Salajka Coat of Arms showing fist giving the thumb finger, bee above it


Salajka, a vibrant Novi Sad neighborhood with a rich history, transformed from a Serbian agrarian region to a hub of artisans and intellectuals, reflecting resilience, tradition, and progress through its captivating tales and enduring spirit.

Gather 'round, for I shall weave a tale of the vibrant neighborhood known as Salajka, a realm of rich history and spirited souls. Situated within Novi Sad, this quarter once thrived as a deeply Serbian and agrarian region, but time has brought change to its character, transforming its inhabitants into artisans, traders, workers, and intellectuals.

The name Salajka finds its roots in the ancient Hungarian county of Zala or Salla, neighboring western Slavonia across the Drava River in present-day Hungary. It was from here that a part of the Serbian community sought refuge to preserve their identity and traditions. They became known as Zalajci or Salajci, and over time, the names evolved into Salajka and Salajchani.

In the days of old, Salajka bustled with life, hosting a vibrant marketplace on Temerinska Street in the 19th century. Here, a rich tapestry of goods unfolded, from fruits and vegetables to livestock, craftsmanship, and timber. Two gates, Kisachka and Temerinska, guarded the entrance to the city from Salajka, controlling the flow of people and goods and collecting tariffs.

In its earlier days, Salajka stretched all the way to today's Shajkaska Street, formerly known as Shanachka, until the interwar period when land was parcelled for house construction from Schultz's Mill to the Canal. This expansion led to the creation of a new part of Salajka, known as Schultz's Settlement. Craft workshops flourished, while on the left side of Temerinska Street, a bustling array of merchants and service shops adorned the landscape.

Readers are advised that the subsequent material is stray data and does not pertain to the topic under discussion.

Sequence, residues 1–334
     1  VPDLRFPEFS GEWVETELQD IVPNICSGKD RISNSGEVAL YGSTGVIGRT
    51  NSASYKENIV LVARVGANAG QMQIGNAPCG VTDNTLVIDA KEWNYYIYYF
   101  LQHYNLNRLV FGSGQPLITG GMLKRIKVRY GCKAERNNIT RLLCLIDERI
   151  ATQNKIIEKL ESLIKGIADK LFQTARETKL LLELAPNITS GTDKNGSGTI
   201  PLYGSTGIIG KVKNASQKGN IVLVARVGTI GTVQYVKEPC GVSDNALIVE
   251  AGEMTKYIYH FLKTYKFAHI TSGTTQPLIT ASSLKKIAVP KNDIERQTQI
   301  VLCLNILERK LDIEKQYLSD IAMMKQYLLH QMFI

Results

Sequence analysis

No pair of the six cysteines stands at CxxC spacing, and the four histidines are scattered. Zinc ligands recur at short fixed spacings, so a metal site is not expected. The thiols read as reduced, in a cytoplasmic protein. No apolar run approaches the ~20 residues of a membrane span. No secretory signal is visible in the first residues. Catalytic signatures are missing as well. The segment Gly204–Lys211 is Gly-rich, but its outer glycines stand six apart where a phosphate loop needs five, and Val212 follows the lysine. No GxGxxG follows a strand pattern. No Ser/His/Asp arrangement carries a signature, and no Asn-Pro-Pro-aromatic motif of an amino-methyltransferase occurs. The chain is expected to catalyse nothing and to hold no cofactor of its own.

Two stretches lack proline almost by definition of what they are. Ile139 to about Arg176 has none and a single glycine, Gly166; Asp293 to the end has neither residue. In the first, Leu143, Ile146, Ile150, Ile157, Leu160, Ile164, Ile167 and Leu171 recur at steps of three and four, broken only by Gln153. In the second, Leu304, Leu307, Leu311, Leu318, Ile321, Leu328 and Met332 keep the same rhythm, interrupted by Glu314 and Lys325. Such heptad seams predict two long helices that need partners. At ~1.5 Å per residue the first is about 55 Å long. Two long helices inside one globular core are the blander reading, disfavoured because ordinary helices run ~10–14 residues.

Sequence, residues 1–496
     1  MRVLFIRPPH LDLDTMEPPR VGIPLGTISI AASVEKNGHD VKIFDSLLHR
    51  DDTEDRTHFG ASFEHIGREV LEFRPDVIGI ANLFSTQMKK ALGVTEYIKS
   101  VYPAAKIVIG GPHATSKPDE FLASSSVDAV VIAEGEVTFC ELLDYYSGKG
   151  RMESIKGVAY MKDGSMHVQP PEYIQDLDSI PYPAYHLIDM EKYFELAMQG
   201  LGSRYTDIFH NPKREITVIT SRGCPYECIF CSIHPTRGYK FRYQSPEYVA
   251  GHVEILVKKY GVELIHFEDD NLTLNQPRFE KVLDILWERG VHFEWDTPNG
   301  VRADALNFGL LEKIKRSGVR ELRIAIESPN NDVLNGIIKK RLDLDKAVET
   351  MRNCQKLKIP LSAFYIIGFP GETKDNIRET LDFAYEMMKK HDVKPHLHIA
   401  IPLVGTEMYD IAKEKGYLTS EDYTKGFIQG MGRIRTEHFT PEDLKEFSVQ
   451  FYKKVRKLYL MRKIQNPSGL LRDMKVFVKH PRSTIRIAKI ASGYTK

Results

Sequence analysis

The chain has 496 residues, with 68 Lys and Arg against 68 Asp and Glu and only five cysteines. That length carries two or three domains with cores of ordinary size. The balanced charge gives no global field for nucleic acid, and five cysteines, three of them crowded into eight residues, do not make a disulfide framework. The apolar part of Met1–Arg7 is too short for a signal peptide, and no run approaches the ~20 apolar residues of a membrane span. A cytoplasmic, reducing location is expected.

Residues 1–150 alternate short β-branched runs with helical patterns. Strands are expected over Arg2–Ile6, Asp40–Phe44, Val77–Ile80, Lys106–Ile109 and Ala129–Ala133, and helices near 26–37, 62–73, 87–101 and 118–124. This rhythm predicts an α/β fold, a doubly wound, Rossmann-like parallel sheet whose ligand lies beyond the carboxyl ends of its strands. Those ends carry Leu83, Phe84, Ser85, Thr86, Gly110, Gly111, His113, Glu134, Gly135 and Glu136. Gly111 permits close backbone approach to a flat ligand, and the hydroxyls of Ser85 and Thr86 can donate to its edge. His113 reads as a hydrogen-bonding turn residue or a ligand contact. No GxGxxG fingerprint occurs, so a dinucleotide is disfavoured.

Salajchani possessed a vivacious and temperamental nature, known for their fighting spirit and strong sense of patriotism. Not even the Austro-Hungarian gendarmes dared to venture into Salajka when incidents occurred. During the Hungarian occupation (1941-1944), Salajchani supported the resistance movement, with many young individuals joining guerrilla and propaganda groups, enduring imprisonment and suffering in prisons and camps.

As the city's first urban plan was drafted after the war, a part of Salajka faced displacement to make way for an industrial zone. However, the fierce resistance from the citizens prevailed, and the City Assembly, in 1986, abandoned the plan, relocating the industrial zone elsewhere.

A celebrated bard, George Balaž, also known as Djordje Balaševitch in Vojvodinian, found his inspiration in Salajka. Growing up on Jovana Cvijića Street, Balaž gathered knowledge and inspiration from this vibrant community. He authored many songs that resonate with the spirit of Salajka, immortalizing its tales and triumphs through his lyrical melodies.

And so, the story of Salajka unfolds, a place where tradition intertwines with progress, where the echoes of the past guide the steps of the present. As the great bard's songs linger in the air, let us embrace the enduring spirit of Salajka, a realm that proudly bears the mark of its people's resilience and unwavering pride.